After five days on Skull Island, the people were getting by, but their lives were immeasurably changed from what they had been. In Sani's interviews with everyone who had been on the ship where the murder had occured, only to discover that none of them had witnessed the incident. She relayed this information to Ewata.
Through her historical accounts, Sani recollects that while she was painting on the Skull Island Wall, the first great battle for the heart of Skull Island had begun against the godlike beast Gaw. Those who had survived the attack reported that it had been horrifying, and that they mostly recalled the smell of blood, and the screams of the Kong, the people, and the demons. During the battle, V'drell, the Atu Shaman, and his daughter Usana, their queen, were killed, and Sani recorded that after losing everything, the Tagu and Atu peoples began to unite like never before, and more people began to identify as Taguatu. People began to turn to Ewata for guidance. As she wrote this, Ewata approached and Sani revealed that despite her duties as Storyteller, she had resolved to tell the widely accepted lie that Valla had killed V'drell rather than Ewata in order to keep the spirit of the Taguatu alive, as unity was the only thing Sani believed would allow their people to survive, and the truth of the matter would have destroyed it. In the following months, Ewata was looked to as a leader, and was even named Queen. During this tome, she used all of her influence to get Valla's life spared, and only had her banished. Sani suspected in her records that a day may come when she regretted doing this, as those whose aid she needed would no longer feel they owed her a debt. Sani remarked that on Skull Island, such dark times were never far off, and that if they were not careful, the Taguatu could become monsters just like the ones they feared.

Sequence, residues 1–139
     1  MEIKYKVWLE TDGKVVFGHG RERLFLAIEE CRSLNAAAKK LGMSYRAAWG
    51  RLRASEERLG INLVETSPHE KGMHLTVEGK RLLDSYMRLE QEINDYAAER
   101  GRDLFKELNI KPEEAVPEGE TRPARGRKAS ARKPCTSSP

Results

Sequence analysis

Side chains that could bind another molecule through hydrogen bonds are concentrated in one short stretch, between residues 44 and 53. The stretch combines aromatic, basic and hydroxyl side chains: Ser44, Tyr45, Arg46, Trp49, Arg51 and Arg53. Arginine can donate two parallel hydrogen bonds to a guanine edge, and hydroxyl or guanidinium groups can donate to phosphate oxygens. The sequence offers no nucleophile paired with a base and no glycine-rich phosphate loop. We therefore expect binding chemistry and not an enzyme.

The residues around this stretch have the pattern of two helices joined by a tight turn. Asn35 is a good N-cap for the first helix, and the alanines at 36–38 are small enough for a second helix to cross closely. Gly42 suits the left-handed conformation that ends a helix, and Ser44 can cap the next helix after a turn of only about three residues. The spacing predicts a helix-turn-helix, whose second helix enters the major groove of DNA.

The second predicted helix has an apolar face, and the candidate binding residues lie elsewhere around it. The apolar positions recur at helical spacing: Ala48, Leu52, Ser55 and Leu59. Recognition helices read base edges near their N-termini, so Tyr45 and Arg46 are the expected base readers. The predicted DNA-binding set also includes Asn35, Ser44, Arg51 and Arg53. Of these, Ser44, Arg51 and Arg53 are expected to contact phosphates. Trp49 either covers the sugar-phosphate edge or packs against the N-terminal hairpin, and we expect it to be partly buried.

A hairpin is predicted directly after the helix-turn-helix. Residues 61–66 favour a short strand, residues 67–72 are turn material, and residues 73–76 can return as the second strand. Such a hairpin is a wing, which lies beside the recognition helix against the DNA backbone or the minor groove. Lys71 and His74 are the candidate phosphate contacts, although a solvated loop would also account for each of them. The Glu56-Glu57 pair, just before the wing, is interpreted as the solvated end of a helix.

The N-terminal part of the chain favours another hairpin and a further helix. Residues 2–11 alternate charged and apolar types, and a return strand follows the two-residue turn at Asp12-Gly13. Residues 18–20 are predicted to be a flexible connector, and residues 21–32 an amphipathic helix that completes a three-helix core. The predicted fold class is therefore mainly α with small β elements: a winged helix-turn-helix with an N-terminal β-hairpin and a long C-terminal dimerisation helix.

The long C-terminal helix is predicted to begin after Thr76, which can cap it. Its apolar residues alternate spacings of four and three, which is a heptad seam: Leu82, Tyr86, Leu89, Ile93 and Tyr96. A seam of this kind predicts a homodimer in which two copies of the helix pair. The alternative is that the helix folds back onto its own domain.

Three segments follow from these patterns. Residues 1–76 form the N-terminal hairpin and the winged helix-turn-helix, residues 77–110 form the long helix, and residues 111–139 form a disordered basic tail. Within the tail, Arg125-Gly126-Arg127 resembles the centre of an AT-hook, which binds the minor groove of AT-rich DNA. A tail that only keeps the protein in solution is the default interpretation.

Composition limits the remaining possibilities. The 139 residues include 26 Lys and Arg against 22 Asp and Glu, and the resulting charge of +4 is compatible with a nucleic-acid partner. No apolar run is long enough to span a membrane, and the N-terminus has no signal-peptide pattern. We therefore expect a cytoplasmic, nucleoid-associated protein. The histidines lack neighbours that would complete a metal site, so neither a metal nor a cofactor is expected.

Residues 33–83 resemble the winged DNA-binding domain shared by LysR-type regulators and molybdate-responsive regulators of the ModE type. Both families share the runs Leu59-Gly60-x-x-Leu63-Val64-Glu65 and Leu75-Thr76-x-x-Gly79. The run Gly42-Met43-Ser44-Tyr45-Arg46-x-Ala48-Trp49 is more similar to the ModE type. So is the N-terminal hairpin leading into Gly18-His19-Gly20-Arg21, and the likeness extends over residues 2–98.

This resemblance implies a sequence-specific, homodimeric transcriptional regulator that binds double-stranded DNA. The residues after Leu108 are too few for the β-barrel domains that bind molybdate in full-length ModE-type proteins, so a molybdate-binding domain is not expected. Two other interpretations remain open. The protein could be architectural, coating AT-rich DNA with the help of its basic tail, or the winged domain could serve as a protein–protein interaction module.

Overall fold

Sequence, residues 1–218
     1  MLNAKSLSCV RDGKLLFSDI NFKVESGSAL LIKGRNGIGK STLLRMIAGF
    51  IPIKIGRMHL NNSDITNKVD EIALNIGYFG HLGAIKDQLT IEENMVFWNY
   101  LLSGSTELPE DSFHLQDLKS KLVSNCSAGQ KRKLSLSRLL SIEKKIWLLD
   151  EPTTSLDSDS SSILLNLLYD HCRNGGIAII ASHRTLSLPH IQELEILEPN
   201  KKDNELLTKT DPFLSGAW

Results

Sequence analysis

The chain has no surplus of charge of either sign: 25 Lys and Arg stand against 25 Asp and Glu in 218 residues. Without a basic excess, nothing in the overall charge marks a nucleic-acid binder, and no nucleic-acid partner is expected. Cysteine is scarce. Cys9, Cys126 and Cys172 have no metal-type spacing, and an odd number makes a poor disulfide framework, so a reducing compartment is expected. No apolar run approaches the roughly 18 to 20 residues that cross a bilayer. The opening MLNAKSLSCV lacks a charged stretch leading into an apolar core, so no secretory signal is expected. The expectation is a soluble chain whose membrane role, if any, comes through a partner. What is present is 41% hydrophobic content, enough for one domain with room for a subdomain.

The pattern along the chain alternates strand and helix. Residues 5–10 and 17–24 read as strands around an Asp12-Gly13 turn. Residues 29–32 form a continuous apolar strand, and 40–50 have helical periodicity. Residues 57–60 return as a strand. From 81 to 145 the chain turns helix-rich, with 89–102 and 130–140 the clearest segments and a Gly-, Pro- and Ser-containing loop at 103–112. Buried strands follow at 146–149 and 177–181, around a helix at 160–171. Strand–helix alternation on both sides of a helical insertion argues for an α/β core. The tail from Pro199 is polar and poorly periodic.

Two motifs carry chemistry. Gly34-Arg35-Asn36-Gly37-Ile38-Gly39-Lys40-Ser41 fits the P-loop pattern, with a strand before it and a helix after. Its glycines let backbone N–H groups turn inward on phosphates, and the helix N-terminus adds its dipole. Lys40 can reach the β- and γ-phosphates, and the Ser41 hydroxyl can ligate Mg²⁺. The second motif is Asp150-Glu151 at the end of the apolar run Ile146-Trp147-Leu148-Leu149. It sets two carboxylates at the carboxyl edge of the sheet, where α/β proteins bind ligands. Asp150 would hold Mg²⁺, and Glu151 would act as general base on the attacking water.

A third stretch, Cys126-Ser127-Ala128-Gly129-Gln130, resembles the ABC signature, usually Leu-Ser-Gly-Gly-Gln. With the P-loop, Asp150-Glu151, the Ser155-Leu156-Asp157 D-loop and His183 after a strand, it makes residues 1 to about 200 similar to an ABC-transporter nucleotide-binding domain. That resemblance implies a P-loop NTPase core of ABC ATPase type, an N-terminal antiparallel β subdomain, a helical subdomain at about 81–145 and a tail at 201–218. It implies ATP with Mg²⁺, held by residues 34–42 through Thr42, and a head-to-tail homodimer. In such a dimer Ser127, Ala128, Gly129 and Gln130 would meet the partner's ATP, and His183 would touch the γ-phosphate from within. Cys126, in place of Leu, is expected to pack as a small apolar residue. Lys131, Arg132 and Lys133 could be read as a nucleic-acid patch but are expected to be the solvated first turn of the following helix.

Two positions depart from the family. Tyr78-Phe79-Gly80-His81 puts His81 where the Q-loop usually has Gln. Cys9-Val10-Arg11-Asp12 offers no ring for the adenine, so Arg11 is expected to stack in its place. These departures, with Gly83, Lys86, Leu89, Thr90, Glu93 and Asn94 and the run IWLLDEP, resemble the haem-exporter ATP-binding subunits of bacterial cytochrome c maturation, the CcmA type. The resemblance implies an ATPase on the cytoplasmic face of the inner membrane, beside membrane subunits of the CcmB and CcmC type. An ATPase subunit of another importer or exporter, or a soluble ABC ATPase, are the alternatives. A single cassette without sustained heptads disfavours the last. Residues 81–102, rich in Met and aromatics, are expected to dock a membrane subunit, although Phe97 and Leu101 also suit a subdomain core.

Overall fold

During a ceremony commemorating the heir K'vanni's birth, Ewata accepted that it was her duty to rule in her daughter's place until she was of a reasonable age. She then revealed, that after consulting the wisdom of V'drell and Sani, she had decided to create a board of advisers to help her, which included Sani. As she reflected on this in her accounts, Sani felt like it would become harder and harder for her to maintain a neutral historical account, but at the same time felt the sacrifice necessary to unite the people and prevent the collapse of their society.
Sani recorded that a few days after a mine collapse that caused Valla to approach the wall to deliver a wounded miner, another collapse lead Valla to return with an orphaned infant Kong, which Sani suspected that Ewata had accepted as an excuse to raise another Kong. She then told Ewata that many people among the Taguatu were not happy that Ewata had been so familiar with Valla, who assured her it would not happen again. Sani then wrote that the following histories in her accounts would tell of the betrayals and circumstances that would lead to Ewata breaking her promise. Sani recorded that there was much suspicion about the wild-born Kong's origin, and teams of men went into the mines to try to verify Valla's account. While they did find a second collapse and some blood, they did not find a body, but they did grow more fearful of the unknown aspects of Skull Island.